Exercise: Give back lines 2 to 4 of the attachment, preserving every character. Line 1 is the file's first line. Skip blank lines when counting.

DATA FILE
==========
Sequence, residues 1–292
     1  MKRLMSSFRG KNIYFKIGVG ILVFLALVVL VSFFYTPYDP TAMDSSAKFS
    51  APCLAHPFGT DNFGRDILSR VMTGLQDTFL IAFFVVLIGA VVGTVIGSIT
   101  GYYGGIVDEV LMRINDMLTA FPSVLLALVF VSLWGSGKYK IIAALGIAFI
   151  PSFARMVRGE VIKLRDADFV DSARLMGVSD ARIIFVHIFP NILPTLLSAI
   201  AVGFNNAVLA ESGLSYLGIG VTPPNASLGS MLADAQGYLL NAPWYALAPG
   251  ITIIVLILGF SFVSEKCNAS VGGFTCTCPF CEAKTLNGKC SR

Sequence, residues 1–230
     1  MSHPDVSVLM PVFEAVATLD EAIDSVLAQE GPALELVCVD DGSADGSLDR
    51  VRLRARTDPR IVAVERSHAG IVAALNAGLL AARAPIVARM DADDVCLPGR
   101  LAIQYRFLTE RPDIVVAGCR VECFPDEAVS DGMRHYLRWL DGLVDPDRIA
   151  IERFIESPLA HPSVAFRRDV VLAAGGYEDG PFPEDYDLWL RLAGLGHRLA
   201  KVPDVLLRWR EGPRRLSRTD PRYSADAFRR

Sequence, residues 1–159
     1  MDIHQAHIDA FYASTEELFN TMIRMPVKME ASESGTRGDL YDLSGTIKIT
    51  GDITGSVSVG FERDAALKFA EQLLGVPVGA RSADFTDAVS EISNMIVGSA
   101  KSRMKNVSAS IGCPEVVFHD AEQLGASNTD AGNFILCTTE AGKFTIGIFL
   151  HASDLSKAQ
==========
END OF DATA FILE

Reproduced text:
     1  MKRLMSSFRG KNIYFKIGVG ILVFLALVVL VSFFYTPYDP TAMDSSAKFS
    51  APCLAHPFGT DNFGRDILSR VMTGLQDTFL IAFFVVLIGA VVGTVIGSIT
   101  GYYGGIVDEV LMRINDMLTA FPSVLLALVF VSLWGSGKYK IIAALGIAFI